November 21, 2012
Why Tyson Ross Went South
The mind is a terrible thing, both to waste, and just in general. So often the brain fails us utterly: things like deja vu, phantom limbs, and confirmation bias make me wonder why I have one at all.
Confirmation bias makes it especially difficult when it comes to evaluating baseball players. Take Tyson Ross (please!). I watched him dominate at UC Berkeley for two seasons. His sophomore year was especially impressive: look past the 6-6 record and you’ll see he put up a 2.49 ERA and a 3:1 strikeout-to-walk ratio. Dude was GOOD.
Ross has always looked good in a uniform. “Long-levered,” as we called him in the 2012 Annual, doesn’t begin to describe him: His 6’ 6”, 230-pound frame appears to be made up solely of arms and legs. He’s on the lanky side, but put him next to Chris Sale and he looks like Giancarlo Stanton. He’s got all the physical tools to be a prototypical power pitcher.
Going into the 2008 college baseball season, Tyson Ross looked like a no-brainer first-round pick. He had size, velocity, and unimpeachable make-up. He also had an impressive repertoire: low-to-mid 90s fastball, heavy sinker, wipeout slider, and a changeup that was a work in progress. Yeah, his mechanics were a little messy, but that stuff can be smoothed out. (Foreshadowing.)
Instead, it all started to come apart. His K/BB fell to 2:1 and his ERA ballooned accordingly, to 4.25. A strained lat limited him to just 78 innings, compared with 118 the previous year. But which came first, the injury or the ineffectiveness? (This chicken-or-egg question has become a familiar refrain when discussing Tyson Ross.)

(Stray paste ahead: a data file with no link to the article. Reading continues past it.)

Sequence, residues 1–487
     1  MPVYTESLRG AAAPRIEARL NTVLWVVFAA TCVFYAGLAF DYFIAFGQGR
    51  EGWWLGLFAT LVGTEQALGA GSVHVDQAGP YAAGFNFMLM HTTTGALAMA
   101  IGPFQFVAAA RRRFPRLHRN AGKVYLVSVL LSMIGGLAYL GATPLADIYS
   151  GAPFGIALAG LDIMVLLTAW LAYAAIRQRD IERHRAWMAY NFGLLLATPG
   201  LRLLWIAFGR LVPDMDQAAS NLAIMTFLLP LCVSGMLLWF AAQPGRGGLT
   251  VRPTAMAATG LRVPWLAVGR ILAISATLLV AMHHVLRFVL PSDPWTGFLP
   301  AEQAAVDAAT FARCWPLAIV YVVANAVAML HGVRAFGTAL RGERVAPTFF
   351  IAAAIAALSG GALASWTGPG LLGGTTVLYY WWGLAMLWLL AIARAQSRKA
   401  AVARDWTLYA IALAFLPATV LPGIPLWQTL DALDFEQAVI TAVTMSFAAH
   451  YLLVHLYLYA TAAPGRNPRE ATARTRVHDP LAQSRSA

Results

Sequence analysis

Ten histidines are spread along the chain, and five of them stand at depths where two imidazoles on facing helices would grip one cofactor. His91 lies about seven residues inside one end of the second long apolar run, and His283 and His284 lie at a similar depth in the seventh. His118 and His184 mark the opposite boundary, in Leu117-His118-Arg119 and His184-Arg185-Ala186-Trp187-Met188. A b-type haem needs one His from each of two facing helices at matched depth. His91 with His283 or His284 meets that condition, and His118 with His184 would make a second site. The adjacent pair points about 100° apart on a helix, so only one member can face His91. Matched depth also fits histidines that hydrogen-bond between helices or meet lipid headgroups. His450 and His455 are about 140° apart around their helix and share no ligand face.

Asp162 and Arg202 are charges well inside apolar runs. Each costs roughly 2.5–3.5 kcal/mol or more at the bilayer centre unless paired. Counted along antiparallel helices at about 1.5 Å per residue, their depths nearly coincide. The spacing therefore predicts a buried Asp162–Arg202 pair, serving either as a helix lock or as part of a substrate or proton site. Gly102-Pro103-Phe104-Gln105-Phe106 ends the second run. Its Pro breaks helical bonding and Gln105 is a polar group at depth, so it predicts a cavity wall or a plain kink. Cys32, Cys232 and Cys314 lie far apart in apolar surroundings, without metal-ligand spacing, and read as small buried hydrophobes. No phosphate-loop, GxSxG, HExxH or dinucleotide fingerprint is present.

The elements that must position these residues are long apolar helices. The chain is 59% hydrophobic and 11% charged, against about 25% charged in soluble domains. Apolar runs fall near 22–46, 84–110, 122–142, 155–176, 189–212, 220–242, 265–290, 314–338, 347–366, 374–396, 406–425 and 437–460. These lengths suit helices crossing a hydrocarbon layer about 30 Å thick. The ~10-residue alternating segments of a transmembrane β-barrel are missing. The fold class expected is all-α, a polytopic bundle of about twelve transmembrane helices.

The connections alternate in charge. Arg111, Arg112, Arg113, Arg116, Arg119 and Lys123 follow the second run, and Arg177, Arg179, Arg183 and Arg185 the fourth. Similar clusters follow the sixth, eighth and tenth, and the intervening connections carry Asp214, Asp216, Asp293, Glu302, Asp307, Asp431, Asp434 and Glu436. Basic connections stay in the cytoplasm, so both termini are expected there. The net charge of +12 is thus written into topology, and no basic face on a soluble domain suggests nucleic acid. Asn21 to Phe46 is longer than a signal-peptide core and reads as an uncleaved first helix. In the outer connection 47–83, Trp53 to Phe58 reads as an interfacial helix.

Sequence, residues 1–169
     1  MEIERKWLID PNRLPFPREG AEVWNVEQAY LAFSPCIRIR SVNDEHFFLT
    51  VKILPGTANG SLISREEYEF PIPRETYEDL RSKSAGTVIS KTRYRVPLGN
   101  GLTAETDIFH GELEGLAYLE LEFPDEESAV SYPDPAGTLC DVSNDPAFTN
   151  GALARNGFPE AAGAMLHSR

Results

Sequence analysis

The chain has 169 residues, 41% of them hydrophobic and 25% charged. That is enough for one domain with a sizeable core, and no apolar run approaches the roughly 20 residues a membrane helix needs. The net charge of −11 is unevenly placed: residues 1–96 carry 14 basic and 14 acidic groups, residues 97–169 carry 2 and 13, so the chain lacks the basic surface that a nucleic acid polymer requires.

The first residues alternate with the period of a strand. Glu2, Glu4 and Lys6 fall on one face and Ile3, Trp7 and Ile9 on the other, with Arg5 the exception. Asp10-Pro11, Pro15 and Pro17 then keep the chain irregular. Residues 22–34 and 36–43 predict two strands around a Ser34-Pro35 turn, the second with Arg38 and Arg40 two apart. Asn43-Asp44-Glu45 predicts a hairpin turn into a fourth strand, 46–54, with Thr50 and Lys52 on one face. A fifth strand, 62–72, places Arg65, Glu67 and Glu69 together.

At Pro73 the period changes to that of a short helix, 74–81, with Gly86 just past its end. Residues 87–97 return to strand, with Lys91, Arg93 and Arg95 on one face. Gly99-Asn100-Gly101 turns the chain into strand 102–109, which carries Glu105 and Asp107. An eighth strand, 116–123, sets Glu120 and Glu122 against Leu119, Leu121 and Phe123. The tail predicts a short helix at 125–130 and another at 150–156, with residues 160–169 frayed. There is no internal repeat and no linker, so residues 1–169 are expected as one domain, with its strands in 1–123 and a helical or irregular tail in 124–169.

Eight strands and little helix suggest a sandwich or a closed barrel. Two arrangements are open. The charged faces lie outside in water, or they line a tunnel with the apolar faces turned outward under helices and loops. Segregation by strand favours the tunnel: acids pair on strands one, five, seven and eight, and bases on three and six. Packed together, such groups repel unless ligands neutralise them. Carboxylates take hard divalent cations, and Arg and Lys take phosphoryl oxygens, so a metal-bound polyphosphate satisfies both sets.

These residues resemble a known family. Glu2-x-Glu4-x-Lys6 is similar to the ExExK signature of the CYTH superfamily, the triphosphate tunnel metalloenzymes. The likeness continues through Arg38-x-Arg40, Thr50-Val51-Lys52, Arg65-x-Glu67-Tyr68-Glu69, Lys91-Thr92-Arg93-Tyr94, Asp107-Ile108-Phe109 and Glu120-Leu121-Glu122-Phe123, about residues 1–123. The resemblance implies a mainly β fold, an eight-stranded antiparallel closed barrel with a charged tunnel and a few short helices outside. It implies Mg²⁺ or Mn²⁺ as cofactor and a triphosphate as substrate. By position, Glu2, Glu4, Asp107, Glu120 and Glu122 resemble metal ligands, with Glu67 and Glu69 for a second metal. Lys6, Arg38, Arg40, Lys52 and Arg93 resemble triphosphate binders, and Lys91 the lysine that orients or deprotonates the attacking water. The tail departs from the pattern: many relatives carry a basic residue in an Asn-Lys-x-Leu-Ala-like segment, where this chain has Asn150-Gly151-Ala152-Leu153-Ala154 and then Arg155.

As you no doubt know, last week the A’s shipped Tyson Ross and >first baseman A.J. Kirby-Jones to the Padres for Andy Parrino and Andrew Werner. Given the amount of young pitching talent Oakland has, this move doesn’t come as a complete shock. However, this reporter admits being a little surprised that Beane and co. would sell low on a guy like Ross, who can look maddeningly good in short spurts. Beane’s hand may have been forced by 40-man roster considerations; if the alternative was to leave Ross unprotected, then Oakland did well to get anything back at all.
I still think Tyson Ross can be an effective big-league pitcher. I’ve seen him pitch effectively, both in college and at the big-league level. He has the arsenal. He looks like pitchers are supposed to look, and everyone raves about his make-up and work ethic. But I can’t trust my own brain because of confirmation bias! Stupid brain! /Hits self in head repeatedly with a Vans sneaker, Spicoli-style.
But I tricked my faulty brain by asking other people with different, decidedly better brains, for their opinions: BP pitching mechanics guru, Doug Thorburn, and a couple of A’s experts, our own Jason Wojciechowski and Melissa Lockard of Oakland Clubhouse.